A few weeks ago in the Town of Babylon, the NY Rising Communities of the south shore of Long Island gathered to display and present their work so far in the planning stages. The communities that presented were the villages of Lindenhurst, Copiague, Babylon, West Babylon and Amityville. All of the towns went through a comprehensive "community asset" workshop to identify all of the key assets in each town. The resilient projects that will be determined for each town will be centered around the key assets as to protect them. Some of the key assets included waterfront residences, marinas, parks, housing developments close to water, schools, etc. The event was a success and it was a great way for all of the local residents and committee members to find out what each adjacent town was up to with their conceptual plan for a more resilient south shore.
Breezy Point is a close knit community with a distinct architectural character. In October 2012, Hurricane Sandy struck the east coast of the United States, and the vernacular tradition, including existing construction practices and zoning by‐laws, were placed under question when thousands were left without homes due to flooding, high winds, and fire.
RESILIENT REBUILDING does not propose a single house design, butrather a framework on which
sustainable and energy‐independent homes can be built within FEMA flood zones,to respond to both future storms as well as the preservation of the existing visual character and pedestrian nature of Breezy Point’s architecture.
Existing responses to storm damage – such as elevating homes and building FEMA-standard homes – do not maintain the pedestrian character of the community, and neglect the opportunities for passive and resilient energy systems. RESILIENT REBUILDING proposes:
· a multi-level elevated walkway system, which creates a clear elevated public realm distinguishing itself from the private residential porches. This creates a storm-resilient public ground plane while maintaining the pedestrian character of the community;
· zoning amendments that support the integration of sustainable design strategies into the existing character, stipulating minimum height requirements and creating distinctions between ground and 1st story;
· fire safety is also a major consideration, where the new zoning amendments require egress from the 1st story of a dwelling to an outdoor area with a minimum elevation 13 feet above sea level.
The proposed zoning amendments further attempt to maximize the opportunities for passive strategies by encouraging construction to be made closer to the northern lot line, allowing for homes to better harvest the ample daylight and heat via passive means and approach energy independence – crucial in the event of a major power outage. The loss of yard space is addressed through redefining the allowable overhang of balconies, promoting the open space of a side yard.
In an attempt to redevelop a community of strong pedestrian character, community unity remains at the core of RESILIENT REBUILDING’s zoning amendments and proposal.
ORLI was recently invited to attend two very important post-Sandy Symposiums over the past few weeks. They were both very successful and brought together professionals in and out of the field of architecture to get some new views on city resilience and regional comprehensive planning to mitigate weather-related disasters. The DfRR (Design for Risk and Reconstruction committee - AIA NY) also had a presence at both events. Photos from both are below.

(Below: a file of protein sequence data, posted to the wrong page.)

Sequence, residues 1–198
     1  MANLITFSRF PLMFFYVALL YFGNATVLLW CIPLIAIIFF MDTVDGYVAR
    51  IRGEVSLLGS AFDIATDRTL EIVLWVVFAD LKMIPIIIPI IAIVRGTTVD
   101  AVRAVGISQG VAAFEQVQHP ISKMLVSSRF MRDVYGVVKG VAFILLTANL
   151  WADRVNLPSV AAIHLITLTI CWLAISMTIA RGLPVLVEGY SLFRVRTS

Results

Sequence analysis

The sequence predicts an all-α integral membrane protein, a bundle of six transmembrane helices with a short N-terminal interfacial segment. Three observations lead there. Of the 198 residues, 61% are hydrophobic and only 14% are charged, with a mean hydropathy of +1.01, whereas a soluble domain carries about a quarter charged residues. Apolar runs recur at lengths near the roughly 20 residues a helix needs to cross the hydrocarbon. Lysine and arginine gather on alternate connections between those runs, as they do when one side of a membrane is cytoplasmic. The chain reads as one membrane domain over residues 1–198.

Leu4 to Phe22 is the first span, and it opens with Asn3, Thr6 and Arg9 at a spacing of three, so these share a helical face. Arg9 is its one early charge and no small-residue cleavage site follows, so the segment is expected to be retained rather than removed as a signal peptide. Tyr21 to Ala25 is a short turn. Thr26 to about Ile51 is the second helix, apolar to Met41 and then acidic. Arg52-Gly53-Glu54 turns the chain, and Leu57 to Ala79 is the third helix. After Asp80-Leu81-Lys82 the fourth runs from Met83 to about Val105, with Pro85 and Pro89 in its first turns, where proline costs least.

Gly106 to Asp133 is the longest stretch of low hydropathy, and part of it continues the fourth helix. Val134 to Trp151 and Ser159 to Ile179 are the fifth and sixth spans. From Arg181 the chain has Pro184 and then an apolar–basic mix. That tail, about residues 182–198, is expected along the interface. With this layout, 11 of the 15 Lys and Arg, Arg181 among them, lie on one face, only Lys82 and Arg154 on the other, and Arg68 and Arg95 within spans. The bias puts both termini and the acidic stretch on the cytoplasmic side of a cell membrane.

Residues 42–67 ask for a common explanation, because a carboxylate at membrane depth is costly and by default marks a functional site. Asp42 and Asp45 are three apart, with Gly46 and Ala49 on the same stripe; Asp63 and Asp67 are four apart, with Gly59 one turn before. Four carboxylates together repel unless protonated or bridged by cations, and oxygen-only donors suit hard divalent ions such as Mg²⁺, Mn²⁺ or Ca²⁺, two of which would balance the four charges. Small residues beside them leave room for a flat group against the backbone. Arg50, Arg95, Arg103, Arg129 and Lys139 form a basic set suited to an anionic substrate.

As ORLI begins the next phase with the 3C Competition, a few things to keep in mind:
We have our submission deadline July 25, 2013 and after that the jury process will commence.
Shortly after, a public choice campaign will commence to select a public choice winner.
Our exhibition opening is October 3, 2012 and will end October 17, 2013. Our "Resilient Visions: Hurricane Sandy One Year Later" Symposium and final jury selection of winners event will take place October 10, 2013 (10-10-13). We are very excited to host many winners from around the world and esteemed professionals as part of our global network.
Stay tuned here for more updates soon.
Also follow us on Facebook and Twitter! --> @NYITORLI
Our submission page is now up and running on our website! Please see the link below.
Please know that submission deadline for the 3C Competition is on July 25, 2013.
Please note that for every individual to simply REGISTER for the competition (using only the primary contact email name) will receive a $20 Inventables.com gift card as previously stated in the competition brief. However for all individuals and teams who SUBMIT their proposals for the competition, every member (instead of just the primary contact) of that team will receive a $20 Inventables.com gift card. So, keep those proposals coming!
Also, below is the competition board template for all to use. It is a simple text box indicating where important information for judging should appear on your competition board. It will also be sent to all registrants via email after June 30, 2013.
If anyone has any questions about submission, please email co-chair Dan Horn at -->
A few days ago I took a walk around the southern part of my town (a few blocks away from me) that was hit the hardest from Super-storm Sandy. More homes are being raised off of the ground plane and it really is taking a toll on the rest of the surrounding neighborhoods. It is always fascinating to actually see the home raising process, but it really starts getting you thinking about the future of our communities. When will the next storm test our built environment again? It could be 10 years from now, or it could be next year, we just don't know. We must take the steps today to influence change on our zoning and building codes. That is what the results from the 3C Competition are intended to do.
Alex and myself attended the New York Interagency Engineering Council conference last Thursday. It was a very informative and beneficial event which brought together a number of difference engineering and architecture agencies including some NYC economic agencies. New and innovative engineering strategies were presented. The speakers all stressed that our coastal infrastructure is severely outdated. New blueway plans were proposed and being implemented now.